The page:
The government has put in place a wide range of measures under the Corovavirus Act 2020 to support people whose earnings have been impacted by the pandemic. Find out more.
A fifth of those who have taken a hit say they have been forced to choose between buying food and paying their bills or paying their rent.
One in four have also either already voluntarily left their rental home to move in with family or friends or are trying to end their tenancy early.
Landlords are also worried, with three-quarters expressing concerns that their tenants may not be able to afford their rent, according to market researchers Opinium.
While the government has ruled out introducing a three-month rent holiday for tenants, similar to the mortgage payment holiday available to homeowners, it has put in place a range of support to help those who rent.
What support is available to renters?
The government has put in place measures to help prevent rentersfrom losing their home, even if they are struggling to pay rent.
Under the Coronavirus Act 2020, eviction proceedings cannot be started against tenants in both the public and private sector for at least three months.
At the same time, mortgage lenders have included by-to-let landlords in eligibility for a mortgage payment holiday of up to three months, on the understanding that they will pass on the benefits to their tenants.
But both of these measures do not mean that tenants are let off paying rent for up to three months.
Instead, they should work with their landlords to establish a repayment plan once their finances improve.
What if my income has fallen?
Two schemes have been put in place to help people who have suffered a drop in their income as a result of the coronavirus pandemic.
If you are employed by a company that has furloughed you, the government will step in and pay 80% of your salary up to a maximum of £2,500 a month, as long as your employer agrees to keep you on the payroll.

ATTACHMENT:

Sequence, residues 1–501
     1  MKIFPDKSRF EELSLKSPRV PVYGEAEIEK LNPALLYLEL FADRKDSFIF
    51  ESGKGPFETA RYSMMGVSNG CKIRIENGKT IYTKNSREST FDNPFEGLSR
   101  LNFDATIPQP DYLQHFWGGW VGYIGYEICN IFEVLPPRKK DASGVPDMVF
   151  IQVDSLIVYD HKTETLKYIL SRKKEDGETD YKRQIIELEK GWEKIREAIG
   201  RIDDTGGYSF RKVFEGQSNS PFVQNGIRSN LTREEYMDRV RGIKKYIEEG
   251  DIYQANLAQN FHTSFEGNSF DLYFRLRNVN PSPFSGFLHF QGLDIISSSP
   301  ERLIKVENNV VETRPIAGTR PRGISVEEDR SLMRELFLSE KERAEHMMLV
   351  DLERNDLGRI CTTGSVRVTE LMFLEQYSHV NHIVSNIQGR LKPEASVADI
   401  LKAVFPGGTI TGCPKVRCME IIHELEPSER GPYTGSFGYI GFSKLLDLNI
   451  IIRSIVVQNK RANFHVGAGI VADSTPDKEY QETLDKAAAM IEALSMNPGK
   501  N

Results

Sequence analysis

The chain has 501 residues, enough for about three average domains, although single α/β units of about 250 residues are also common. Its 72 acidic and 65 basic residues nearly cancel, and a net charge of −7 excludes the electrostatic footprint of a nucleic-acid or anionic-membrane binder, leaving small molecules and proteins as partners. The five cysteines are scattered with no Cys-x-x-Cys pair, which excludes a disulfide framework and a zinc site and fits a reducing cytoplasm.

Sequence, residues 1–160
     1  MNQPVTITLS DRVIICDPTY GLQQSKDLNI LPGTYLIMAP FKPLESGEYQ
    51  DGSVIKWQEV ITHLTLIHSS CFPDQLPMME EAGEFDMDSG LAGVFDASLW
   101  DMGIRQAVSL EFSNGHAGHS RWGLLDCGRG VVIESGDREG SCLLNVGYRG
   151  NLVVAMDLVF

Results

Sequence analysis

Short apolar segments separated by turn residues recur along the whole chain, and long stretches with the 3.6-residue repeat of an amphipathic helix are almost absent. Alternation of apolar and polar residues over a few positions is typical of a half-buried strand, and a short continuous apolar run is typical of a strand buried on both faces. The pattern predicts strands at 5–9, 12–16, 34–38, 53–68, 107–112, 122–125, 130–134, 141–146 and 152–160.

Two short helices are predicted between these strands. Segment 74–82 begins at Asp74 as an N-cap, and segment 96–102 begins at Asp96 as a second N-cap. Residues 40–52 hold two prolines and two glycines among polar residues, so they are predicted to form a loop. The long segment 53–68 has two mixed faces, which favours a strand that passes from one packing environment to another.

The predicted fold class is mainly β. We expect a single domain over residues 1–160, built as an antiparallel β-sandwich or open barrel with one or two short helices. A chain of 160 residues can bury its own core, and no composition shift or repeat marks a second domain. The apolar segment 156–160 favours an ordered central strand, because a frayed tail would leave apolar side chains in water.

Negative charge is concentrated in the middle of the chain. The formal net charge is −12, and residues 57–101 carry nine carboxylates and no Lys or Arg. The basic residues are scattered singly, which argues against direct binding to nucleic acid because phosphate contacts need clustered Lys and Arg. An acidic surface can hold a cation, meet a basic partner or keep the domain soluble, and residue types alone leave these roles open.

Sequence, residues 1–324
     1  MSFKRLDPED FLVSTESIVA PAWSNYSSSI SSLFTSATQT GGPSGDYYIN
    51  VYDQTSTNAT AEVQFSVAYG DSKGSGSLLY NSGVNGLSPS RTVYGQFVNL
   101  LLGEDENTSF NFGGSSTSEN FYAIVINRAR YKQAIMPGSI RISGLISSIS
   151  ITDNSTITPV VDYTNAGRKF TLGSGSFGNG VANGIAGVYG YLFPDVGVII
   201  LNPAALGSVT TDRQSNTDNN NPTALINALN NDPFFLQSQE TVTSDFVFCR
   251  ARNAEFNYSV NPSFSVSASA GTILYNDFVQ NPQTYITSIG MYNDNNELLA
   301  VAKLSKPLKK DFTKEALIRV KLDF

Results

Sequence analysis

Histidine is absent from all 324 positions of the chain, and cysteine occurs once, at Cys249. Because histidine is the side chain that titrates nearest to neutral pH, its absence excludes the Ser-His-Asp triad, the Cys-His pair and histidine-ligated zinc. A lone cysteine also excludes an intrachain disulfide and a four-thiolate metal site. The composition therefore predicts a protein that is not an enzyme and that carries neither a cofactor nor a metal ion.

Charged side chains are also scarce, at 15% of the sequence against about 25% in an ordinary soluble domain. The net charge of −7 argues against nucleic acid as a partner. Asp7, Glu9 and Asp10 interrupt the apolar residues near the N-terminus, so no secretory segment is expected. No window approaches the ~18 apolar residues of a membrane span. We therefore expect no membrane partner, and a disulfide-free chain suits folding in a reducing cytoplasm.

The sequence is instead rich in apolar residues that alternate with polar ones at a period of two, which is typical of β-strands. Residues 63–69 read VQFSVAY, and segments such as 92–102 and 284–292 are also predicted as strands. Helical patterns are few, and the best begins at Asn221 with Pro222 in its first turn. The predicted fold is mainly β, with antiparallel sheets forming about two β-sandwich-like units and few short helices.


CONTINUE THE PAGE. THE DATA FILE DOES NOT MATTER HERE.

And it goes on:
If you are a freelancer or self-employed, you can apply for a grant equivalent to 80% of your average monthly profit, also up to a maximum of £2,500 a month.
Although the money will be backdated to March, it will not be made available until June at the earliest.
Is any other help available?
The universal credit allowance is being increased by £20 a week for all new and existing claimants.
The local housing allowance for people who are on low incomes, unemployed or claiming certain benefits has also been raised to the equivalent of at least the bottom 30% of market rents in the local area.
In addition, banks are allowing people to miss their monthly loan and credit card repayments without this impacting their credit rating, while some institutions are providing customers with interest-free overdrafts for a limited period.
What should I do if I am struggling financially?
If you think you may have problems paying your rent, it's important to talk to your landlord as soon as possible.
If you can afford to pay at least some of your rent, see if they will agree to accept a reduced amount for a limited period, although you will need to make up the rest later.
If you are able to move in with family and friends, you can talk to your landlord about ending your tenancy early.
But it is important to understand that if you are in the middle of a fixed term tenancy, you are contractually obliged to pay rent until the end of this period, unless there is a break clause in your tenancy agreement, or you landlord agrees to end the tenancy early.
Top 3 takeaways
1. Six out of 10 renters are suffering financially as a result of the coronavirus lockdown i
2. A fifth of those who have taken a hit say they have been forced to choose between buying food and paying their bills or paying their rent, and a quarter have also either voluntarily left their rental home or are trying to end their tenancy early
3. The government has put in place a range of measures to help renters through the current situation